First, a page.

The goal is to start with choice-making because it’s motivating and it’s exciting. And then we build a whole system that’s designed to have comprehensive functions of communication. This means not just requesting things or making choices but also learning to have a social element to greet people, say thank you, share feelings, and express wants and needs. 

Using the iPad with Partner-Assisted Auditory-Visual scanning, he can make choices with an organized system of pages and visuals. For example, the learner begins with a set of two options; for example, do you want to play with toys? Or do you want to chat? If he picks a chat, then we go into: Do you want to have some greetings? Or do you want to do some turn-taking? If the learner chooses greetings, he moves to the next level of choice: Do you want to say hello? Do you want to say see you later? 

Currently, the learner is on a path to become a diverse communicator. It’s important to start with what’s motivating as a hook, and then you diversify, helping him engage with his peers and family.

Example B: Building and expanding complex communication 

AAC is not only for students who are nonverbal. It can also be an important tool for building and expanding the complexity of language. For one learner, she is a verbal communicator, but she’s hard to understand. The articulation issues kept her in this space of using simple sentences only when communicating. This learner has functional vision skills, has greater visual regard, and can color-code well. We chose a high-tech AAC device for the learner to communicate with longer sentences and greater specificity. The device also is a consistent model of language. We color-coded the icons so that she could differentiate each icon from the other.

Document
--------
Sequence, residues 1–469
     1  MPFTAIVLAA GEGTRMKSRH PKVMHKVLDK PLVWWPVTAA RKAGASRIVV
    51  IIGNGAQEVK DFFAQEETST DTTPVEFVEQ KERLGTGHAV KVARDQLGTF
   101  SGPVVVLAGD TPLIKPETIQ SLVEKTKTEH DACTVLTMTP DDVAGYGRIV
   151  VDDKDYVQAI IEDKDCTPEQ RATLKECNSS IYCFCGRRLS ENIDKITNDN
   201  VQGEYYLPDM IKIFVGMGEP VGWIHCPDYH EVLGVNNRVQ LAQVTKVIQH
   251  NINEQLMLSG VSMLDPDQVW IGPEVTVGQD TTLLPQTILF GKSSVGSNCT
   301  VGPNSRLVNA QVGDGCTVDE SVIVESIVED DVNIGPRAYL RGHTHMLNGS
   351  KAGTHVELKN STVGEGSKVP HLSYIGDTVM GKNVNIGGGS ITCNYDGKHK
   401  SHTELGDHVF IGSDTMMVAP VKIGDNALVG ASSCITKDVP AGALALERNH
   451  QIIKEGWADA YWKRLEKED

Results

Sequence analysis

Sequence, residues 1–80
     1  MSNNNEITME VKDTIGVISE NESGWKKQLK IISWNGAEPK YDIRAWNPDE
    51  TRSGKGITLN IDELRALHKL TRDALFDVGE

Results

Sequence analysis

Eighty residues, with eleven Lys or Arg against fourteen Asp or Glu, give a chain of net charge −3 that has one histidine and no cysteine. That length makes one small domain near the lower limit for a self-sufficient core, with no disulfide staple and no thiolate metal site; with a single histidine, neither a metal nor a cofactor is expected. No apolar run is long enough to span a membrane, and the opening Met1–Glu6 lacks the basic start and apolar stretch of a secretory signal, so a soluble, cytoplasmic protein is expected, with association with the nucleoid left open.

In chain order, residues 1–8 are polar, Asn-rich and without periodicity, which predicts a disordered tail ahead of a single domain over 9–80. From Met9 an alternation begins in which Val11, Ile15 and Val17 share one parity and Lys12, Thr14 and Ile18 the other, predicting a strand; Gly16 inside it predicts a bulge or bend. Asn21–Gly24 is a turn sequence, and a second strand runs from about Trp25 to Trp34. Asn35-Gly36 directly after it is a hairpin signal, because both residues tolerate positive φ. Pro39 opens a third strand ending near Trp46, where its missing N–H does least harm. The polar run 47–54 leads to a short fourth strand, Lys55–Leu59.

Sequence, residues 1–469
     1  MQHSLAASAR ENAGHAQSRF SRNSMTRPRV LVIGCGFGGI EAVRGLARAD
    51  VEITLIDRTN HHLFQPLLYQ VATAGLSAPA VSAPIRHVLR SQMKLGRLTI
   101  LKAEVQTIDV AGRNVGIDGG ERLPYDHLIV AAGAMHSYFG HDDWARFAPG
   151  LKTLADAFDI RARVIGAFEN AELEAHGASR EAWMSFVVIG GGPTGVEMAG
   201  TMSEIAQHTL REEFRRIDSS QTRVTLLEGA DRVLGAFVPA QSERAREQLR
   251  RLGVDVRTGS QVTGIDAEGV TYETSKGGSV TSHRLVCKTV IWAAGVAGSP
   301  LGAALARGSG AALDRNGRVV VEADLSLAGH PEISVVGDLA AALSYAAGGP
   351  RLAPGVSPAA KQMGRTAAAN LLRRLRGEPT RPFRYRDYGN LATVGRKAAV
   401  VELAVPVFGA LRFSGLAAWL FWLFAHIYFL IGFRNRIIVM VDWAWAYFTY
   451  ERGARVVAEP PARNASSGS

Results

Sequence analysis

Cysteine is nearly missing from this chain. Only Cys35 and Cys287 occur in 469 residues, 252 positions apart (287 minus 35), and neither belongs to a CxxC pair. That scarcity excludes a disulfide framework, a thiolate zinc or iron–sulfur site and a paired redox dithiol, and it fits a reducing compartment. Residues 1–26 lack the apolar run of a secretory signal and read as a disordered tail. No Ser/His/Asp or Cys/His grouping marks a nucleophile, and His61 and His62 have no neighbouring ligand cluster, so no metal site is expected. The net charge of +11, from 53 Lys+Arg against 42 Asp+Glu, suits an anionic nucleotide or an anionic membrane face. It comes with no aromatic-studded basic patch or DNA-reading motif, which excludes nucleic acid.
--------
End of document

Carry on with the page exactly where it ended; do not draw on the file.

There are two primary purposes for the AAC device. First, to mend communication breakdowns when she is hard to understand, so she can fully request her needs or share her feelings. Second, to use the visual supports on that screen to build sentences. Instead of saying a simple request, for example, “playdough,” she would expand her phrase to say, “I want the playdough, please.” With a familiar picture for every single word, she learns to sequence them appropriately and use these beautiful long sequences. 

When designing her AAC device, we looked at her motor skills to see if she could isolate pointer finger use and access the device reliably just by directly touching the iPad. We wanted to make sure she had the attention to sequence these longer sentences. We had to assess her visual attention and recognition skills when presented with a certain number of buttons on the page. How did she do with five icons? Do we need to go down to four? We tailored the device to her needs and abilities. 

This learner is now using longer sentences consistently, and she started to use her device when interacting with someone new who might not understand what she’s saying.  The long-term goal for this learner is efficient and independent communication to fully use her voice out in the community and any situation. 

Learn more about CVI and communication by watching the video of our Expert Q&A: CVI and AAC.